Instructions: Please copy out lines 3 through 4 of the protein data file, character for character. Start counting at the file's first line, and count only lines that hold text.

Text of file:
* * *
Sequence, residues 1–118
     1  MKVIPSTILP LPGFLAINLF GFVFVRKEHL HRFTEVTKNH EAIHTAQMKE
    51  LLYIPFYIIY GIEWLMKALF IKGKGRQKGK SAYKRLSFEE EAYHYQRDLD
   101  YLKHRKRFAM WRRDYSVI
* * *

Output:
    51  LLYIPFYIIY GIEWLMKALF IKGKGRQKGK SAYKRLSFEE EAYHYQRDLD
   101  YLKHRKRFAM WRRDYSVI